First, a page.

!DOCTYPE html PUBLIC "-//W3C//DTD XHTML 1.0 Strict//EN" "http://www.w3.org/TR/xhtml1/DTD/xhtml1-strict.dtd"> Streamline Training & Documentation: Prediction Market Hiccups

Wednesday, February 13, 2008

Prediction Market Hiccups

Thanks to an article by David Leonhardt in today's New York Times, we have an update on how one popular prediction market — Intrade — is doing in predicting the outcomes of the current round of primary elections.

The predictions have been less than accurate, notably, in the case of New Hampshire, which raises the obvious question, Why?

Leonhardt cites the analysis of Barry Ritholtz on his well-trafficked blog, The Big Picture. In a January 11 post, Ritholtz points to three problems with the political prediction markets: their thinness, their small trading volumes, and the low number of dollars at risk.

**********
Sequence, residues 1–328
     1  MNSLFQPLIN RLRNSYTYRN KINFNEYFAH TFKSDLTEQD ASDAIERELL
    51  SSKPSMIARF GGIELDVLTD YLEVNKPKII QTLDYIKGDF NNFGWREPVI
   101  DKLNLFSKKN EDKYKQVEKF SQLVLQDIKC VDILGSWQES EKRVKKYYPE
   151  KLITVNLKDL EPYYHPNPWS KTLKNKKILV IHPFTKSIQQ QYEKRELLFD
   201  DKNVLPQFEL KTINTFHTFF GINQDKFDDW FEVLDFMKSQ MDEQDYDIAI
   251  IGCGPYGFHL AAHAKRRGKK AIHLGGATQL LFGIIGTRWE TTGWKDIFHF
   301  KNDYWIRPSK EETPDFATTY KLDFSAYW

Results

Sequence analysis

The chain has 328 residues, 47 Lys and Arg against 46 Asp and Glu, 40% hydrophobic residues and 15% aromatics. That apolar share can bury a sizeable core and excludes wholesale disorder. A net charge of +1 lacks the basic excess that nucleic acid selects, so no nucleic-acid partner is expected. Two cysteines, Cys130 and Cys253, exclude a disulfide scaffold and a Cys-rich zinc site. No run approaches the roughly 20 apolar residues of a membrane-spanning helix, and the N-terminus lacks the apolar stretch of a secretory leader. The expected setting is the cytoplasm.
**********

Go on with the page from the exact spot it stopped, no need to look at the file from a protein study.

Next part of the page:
The small scale of the Intrade market means that
  • if a significant portion of the participants are biased, they can skew the prices. An example is Ron Paul's non-zero Intrade odds of winning any primary in which he is running.

  • sluggish response to new information, with eventual overreaction all too common. Leohhardt suspects that this is due to a shortage of smart money in the market.
Leonhardt concludes his article by noting that as more traders recognize the opportunity to make money off the inefficiency of Intrade's political markets, the level of inefficiency will drop, i.e., more smart money will make Intrade's prices more accurately reflective of true probabilities.